Andocides, Speeches (English) (XML Header) [genre: prose; rhetoric] [word count] [lemma count] [Andoc.].
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On His Return

2.1Had some other matter been at issue, gentlemen, I should have felt no surprise at finding a difference of opinion among the speakers who addressed you. But when the question is whether or not I, or anyone less worthy who so desires, should do this state a service, nothing seems to me more extraordinary than that contrary views should be held, instead of there being complete unanimity; for if the state is common to all who enjoy civic rights, the benefits which the state receives are likewise, I presume, common benefits.

2.2Such disagreement is a matter for alarm and astonishment; yet, as you can see, it has already been expressed by some, and will shortly be expressed by others. Indeed, I am completely at a loss to understand why the question of your receiving a benefit from me should cause such excitement among our friends here. They must either be the most stupid of mankind or the worst of public enemies. If they hold that when the state is prospering they are better off individually, they are showing extreme stupidity in advocating today a policy which directly conflicts with their own interests; 2.3while if they do not identify their interests as individuals with yours as a community, they can only be public enemies. Indeed when I secretly communicated to the Council a proposal which would be of the very greatest service to this city if carried into effect, and proved as much clearly and conclusively to the members present, such of my present critics as were among my audience found it as impossible as anyone else to show by argument that any of my statements was incorrect; yet they are now trying to impugn those statements. 2.4This proves, then, that they are acting not on their own initiative—or they would have had no hesitation in opposing me originally—but on the instigation of others, of men such as are to be found in this city, who would not allow you to receive a benefit from me for all the money in the world. These others have not the courage to come into the open and make good their assertions in person, as they are afraid of letting their own possible shortcomings as patriots be examined too closely. Instead, they send substitutes to address you, men to whom effrontery is second nature, men who will utter or face the bitterest abuse with complete indifference. 2.5The entire strength of their case against me, one finds, lies in their taunting me at every turn with my misfortunes; and that too when their listeners know better than they, so that not a word which they have uttered can bring them any true credit.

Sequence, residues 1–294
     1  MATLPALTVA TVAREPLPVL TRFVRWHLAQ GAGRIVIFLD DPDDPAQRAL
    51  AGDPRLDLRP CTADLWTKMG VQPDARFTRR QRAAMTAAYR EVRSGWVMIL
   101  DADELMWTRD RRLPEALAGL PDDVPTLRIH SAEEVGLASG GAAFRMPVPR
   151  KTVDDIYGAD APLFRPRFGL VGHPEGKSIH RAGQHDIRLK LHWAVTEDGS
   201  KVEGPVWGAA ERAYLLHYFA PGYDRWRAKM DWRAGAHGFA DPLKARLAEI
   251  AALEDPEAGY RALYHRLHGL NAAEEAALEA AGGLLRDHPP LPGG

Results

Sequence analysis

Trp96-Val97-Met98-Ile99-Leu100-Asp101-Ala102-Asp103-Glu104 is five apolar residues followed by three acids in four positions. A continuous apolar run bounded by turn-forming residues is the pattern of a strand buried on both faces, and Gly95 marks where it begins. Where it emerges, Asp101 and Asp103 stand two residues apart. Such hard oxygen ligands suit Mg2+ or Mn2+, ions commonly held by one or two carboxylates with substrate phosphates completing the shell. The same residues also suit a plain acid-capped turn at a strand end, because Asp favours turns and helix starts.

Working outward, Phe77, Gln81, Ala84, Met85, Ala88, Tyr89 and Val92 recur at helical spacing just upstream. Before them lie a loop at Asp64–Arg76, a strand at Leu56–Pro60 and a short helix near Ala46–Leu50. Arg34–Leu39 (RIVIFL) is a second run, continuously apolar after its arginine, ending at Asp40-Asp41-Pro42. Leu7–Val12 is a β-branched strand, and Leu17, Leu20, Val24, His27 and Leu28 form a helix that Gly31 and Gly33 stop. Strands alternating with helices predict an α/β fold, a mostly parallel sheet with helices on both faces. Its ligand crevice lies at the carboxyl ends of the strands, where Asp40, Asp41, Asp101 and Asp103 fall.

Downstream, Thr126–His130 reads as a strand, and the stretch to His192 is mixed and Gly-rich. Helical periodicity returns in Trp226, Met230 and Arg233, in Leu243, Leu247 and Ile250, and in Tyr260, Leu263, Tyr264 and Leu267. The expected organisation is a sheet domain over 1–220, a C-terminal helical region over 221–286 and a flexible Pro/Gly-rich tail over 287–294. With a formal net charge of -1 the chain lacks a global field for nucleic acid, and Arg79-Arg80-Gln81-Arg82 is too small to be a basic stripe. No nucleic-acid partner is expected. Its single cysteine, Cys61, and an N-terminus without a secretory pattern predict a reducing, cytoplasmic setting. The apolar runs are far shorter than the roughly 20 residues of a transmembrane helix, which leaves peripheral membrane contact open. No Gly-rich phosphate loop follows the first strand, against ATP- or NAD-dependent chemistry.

To my mind, gentlemen, he was a wise man who first said that every human being is born to meet with good fortune and with bad; that to make a mistake is to meet with great ill fortune: 2.6and that while those who make the fewest mistakes are the luckiest, those who repent of them soonest show most good sense. Nor is this the peculiar lot of some men only; it is the common fate of humanity to make mistakes and suffer misfortune. So do but remember the frailty of man in passing judgement upon me, gentlemen, and your feelings for me will be more kindly. Indeed I do not deserve ill-will so much as sympathy for the past. 2.7Owing to—shall I say my own youthful folly, or the influence of others who persuaded me into such a piece of madness? note—I was luckless enough to be forced to choose between two of the most painful alternatives imaginable. On the one hand, I could refuse to disclose the authors of the outrage. In that case I not only trembled for my own fate, but caused the death of my father, who was entirely innocent, as well as my own—he was inevitably doomed, if I refused to speak. On the other hand, I could purchase my own life and liberty and avoid becoming my father's murderer—and what would a man not bring himself to do to escape that?—but only by turning informer.

2.8Of the alternatives before me, then, I chose that which meant years of sorrow for myself, but immediate release for you from the distress of the moment. Remember your peril: remember your helplessness: remember how you stood in such fear of one another that you ceased going abroad even into the Agora, because you each expected arrest. note That such a state of things should have occurred at all proved to be due only in small part to me; that it ended, on the other hand, proved to be due to me alone. 2.9Notwithstanding, I have never succeeded in being anything save the unluckiest man alive; for when Athens was heading for this disaster, no one came near suffering the sorrows which I suffered: and when she was once more regaining her security, I was of all men the most to be pitied. The desperate distress of Athens could be remedied only at the cost of my good name: so that your deliverance meant my own ruin. It is your gratitude, therefore, not your scorn that I deserve for my sufferings.